The Toronto Maple Leafs kicked off their season with a 3-2 overtime win over the Montreal Canadiens. The game was closer than expected and the Canadiens showed surprising speed en route to outshooting the Leafs 36-26. Unsurprisingly, the Leafs were also out-hit by the Canadiens 34-19. One hit, in particular, drew a reaction from the Scotiabank Arena crowd, when Canadiens’ defenceman Xavier Ouellet drove Auston Matthews into the boards from behind in the third period.
It was not a particularly dirty hit, it wasn’t even a penalty. Matthews dusted off his jersey and was fine but it begs the question, what will prevent a third-liner from taking a run at Matthews, Mitch Marner, John Tavares or William Nylander? The Maple Leafs no longer employ any enforcers, so it’s up to the power play to strike fear into would-be aggressors.
Maple Leafs Do Not Have an Enforcer
This is not Lou Lamoriello’s Maple Leafs. It’s not Cliff Fletcher’s, or Brian Burke’s or anyone else’s. This is Kyle Dubas’ Maple Leafs and it’s full of speedy, skilled players. The consequence is that the Leafs will be out-hit in just about every game they play this season. The Leafs were 25th in the league in hits last season and these were their players with the most hits:
- Leo Komarov – gone
- Matt Martin – gone
- Roman Polak – gone
- Andreas Borgman – in the AHL
- Zack Hyman
- Nikita Zaitsev
- Nazem Kadri
Without Komarov, Martin, Polak and Borgman, the Leafs will likely finish last in the league in hits. Zach Hyman can throw his body around, Nikita Zaitsev gets physical, and Nazem Kadri has a temper, but none of these players strikes fear into the heart of an opponent. The Leafs do not have an enforcer, but does it matter?
Gone are the days when you would bump Wayne Gretzky and Marty McSorley would immediately punish you. With today’s enforcer, if a star player is bumped then three shifts later the other team’s enforcer fights one of your fourth-liners and possibly picks up an instigator penalty in the process. I fail to see how that will deter players from running down the NHL’s star players. The Leafs had a much tougher lineup last season and it didn’t stop Brad Marchand from taking all kinds of liberties in the playoffs.
If the Leafs don’t have an enforcer, what’s to stop someone from taking a cheap shot at Matthews or one of the other young stars? That’s where the power play comes in.
Maple Leafs Potent Power Play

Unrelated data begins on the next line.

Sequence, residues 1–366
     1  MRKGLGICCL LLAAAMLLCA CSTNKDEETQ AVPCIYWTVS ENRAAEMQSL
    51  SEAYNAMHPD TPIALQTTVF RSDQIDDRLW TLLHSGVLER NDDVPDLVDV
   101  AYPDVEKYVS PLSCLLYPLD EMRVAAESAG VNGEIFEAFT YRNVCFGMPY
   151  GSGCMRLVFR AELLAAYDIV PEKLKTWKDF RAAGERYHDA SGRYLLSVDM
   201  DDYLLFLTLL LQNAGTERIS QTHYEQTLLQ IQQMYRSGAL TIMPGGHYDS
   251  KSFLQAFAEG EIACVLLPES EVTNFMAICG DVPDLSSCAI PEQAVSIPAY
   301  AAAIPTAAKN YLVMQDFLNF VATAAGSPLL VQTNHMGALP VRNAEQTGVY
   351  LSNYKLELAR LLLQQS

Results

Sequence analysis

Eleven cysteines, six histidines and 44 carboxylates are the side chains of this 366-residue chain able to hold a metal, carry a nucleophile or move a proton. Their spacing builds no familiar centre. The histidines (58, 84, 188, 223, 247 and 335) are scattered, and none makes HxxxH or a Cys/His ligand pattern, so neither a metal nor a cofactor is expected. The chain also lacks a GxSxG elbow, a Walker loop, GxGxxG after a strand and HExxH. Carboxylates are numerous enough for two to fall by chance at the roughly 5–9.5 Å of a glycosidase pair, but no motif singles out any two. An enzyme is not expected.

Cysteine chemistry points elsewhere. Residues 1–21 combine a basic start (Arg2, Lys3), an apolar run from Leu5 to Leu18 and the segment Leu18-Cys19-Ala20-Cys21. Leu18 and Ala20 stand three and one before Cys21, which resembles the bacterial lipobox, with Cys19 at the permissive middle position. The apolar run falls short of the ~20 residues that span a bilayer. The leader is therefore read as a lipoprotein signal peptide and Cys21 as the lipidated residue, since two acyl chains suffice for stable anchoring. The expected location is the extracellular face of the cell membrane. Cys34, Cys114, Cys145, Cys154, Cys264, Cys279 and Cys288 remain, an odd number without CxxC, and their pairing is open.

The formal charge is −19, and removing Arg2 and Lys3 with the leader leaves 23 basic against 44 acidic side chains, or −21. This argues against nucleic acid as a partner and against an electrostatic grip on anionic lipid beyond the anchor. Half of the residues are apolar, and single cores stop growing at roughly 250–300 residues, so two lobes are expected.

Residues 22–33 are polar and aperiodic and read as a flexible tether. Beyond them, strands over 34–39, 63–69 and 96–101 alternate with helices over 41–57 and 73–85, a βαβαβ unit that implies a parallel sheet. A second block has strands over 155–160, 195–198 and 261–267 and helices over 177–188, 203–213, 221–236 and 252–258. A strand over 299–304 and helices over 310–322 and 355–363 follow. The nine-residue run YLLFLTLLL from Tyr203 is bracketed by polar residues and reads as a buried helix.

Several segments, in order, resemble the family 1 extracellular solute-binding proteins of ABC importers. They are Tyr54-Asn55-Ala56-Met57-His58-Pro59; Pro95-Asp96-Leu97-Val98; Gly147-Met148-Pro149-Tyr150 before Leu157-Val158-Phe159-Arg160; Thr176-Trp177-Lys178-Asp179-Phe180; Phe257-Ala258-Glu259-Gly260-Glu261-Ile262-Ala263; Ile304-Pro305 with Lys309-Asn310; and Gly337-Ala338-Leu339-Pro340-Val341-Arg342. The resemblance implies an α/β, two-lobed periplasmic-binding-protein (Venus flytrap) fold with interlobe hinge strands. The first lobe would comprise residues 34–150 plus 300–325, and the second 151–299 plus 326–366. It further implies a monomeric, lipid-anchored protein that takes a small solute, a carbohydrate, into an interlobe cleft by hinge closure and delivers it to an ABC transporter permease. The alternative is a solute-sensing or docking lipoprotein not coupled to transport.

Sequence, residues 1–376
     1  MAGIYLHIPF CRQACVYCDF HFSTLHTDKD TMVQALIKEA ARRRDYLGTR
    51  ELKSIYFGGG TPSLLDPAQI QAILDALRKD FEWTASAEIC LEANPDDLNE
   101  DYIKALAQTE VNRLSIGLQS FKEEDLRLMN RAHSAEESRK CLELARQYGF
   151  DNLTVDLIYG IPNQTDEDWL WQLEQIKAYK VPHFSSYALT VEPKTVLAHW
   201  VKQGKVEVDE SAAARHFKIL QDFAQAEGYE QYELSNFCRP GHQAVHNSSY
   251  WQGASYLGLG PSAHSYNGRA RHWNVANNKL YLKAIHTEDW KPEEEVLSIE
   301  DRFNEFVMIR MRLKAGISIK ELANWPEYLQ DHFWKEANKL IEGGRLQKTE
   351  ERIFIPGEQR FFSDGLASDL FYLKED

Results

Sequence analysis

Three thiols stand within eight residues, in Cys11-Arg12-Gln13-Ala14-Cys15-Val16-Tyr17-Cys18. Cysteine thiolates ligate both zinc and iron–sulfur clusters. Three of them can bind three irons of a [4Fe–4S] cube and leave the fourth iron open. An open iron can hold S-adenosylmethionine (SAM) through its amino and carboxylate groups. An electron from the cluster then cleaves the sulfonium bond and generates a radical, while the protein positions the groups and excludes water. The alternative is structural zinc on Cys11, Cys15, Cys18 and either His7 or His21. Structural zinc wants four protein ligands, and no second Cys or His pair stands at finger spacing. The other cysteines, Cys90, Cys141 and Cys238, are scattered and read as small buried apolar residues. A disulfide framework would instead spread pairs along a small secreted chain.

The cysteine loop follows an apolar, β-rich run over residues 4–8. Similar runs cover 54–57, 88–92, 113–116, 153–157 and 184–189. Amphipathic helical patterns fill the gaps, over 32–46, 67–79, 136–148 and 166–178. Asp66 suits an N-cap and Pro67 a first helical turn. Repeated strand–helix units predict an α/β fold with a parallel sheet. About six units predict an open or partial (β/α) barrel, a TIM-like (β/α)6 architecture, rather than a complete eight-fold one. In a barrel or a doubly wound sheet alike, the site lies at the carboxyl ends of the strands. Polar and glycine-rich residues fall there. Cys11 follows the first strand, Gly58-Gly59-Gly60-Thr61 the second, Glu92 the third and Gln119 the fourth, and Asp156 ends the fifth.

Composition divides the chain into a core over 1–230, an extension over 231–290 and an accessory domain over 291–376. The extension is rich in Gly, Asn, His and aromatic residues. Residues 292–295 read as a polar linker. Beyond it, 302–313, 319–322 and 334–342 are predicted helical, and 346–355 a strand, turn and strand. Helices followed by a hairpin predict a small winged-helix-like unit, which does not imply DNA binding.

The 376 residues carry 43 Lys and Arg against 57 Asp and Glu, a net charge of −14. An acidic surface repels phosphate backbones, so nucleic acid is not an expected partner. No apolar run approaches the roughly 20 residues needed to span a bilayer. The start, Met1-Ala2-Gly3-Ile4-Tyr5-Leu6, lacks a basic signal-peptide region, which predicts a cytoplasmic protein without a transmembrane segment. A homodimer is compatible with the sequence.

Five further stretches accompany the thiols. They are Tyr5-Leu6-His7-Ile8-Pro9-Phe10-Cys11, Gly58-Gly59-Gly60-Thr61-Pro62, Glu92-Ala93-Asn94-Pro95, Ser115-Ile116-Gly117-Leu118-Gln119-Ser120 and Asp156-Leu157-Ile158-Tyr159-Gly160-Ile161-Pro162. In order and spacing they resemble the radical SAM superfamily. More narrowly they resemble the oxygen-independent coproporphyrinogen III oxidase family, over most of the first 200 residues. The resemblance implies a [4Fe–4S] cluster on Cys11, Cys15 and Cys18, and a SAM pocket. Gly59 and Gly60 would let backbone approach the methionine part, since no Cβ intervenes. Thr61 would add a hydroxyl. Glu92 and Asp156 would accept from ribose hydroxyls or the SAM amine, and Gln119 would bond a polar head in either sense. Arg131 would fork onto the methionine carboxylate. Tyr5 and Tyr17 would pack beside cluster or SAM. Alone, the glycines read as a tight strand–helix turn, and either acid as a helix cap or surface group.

The Maple Leafs have stacked their top power-play unit with Matthews, Tavares, Kadri, Marner and Morgan Rielly. That’s almost not fair. The Leafs’ first power play against the Canadiens resulted in a beautiful goal:
Matthews’ shot was amazing but even the passing play right before it resulted in a dangerous chance for Tavares in front. In general, the power play is a modified 1-3-1 with Rielly at the point, Tavares in front of the net and Kadri in the slot. Matthews plays on the left half-boards with Marner on the right. Marner can drop back to the point to collect the puck and quarterback the play. His primary options are down low to Tavares, into the slot to Kadri for a tip on net or one-timer, cross-ice pass to Matthews for an attack or back to Rielly to re-set and look for a different angle.
This power play is going to strike more fear into opposing players than any enforcer and opposing coaches will harp on their players to be extremely disciplined against the Leafs. That should result in a little less hooking, grabbing and charging at the Leafs’ talented forwards.
When Will the Leafs Miss an Enforcer?
Unfortunately, a power play only scares the opponent in a close game. If the Leafs are winning by five goals, for example, the game can get dirty and then it’s nice to have a big enforcer to help protect the stars. In lieu of that, the Leafs’ role players, such as Par Lindholm and Hyman, need to step up for the team.
I’m a Toronto Maple Leafs contributor for THW and a fantasy sports guru (hockey and football). I have a BBA and MBA from Wilfrid Laurier University and my day job is as a finance manager for a fortune 500 company. Feel free to reach out to me at firstname.lastname@example.org